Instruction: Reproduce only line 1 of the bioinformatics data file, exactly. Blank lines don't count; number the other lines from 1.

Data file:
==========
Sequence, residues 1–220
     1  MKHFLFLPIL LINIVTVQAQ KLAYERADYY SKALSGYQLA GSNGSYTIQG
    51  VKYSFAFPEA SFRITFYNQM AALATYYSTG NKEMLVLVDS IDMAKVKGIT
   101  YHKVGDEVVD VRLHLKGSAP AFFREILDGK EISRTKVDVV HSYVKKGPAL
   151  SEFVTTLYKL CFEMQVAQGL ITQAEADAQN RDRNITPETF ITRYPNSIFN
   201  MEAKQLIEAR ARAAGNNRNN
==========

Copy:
Sequence, residues 1–220